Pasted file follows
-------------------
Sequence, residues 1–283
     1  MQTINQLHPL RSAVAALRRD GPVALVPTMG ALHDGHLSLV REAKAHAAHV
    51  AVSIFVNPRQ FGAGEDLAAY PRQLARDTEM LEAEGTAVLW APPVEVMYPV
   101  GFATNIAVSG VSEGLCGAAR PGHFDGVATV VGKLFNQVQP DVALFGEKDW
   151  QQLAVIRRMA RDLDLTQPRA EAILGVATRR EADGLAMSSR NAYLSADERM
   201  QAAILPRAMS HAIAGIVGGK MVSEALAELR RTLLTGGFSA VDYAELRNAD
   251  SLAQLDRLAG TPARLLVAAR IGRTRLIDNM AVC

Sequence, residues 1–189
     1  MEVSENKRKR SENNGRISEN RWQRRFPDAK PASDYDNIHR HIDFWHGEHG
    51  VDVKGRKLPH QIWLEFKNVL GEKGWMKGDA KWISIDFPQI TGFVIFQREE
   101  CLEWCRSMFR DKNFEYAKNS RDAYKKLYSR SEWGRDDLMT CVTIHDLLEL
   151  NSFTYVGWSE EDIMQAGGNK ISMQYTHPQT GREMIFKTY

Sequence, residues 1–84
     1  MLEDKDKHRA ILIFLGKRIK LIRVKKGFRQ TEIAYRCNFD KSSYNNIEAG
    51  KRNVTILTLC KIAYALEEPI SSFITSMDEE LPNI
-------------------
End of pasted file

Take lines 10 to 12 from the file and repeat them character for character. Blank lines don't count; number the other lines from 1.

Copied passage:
    51  VDVKGRKLPH QIWLEFKNVL GEKGWMKGDA KWISIDFPQI TGFVIFQREE
   101  CLEWCRSMFR DKNFEYAKNS RDAYKKLYSR SEWGRDDLMT CVTIHDLLEL
   151  NSFTYVGWSE EDIMQAGGNK ISMQYTHPQT GREMIFKTY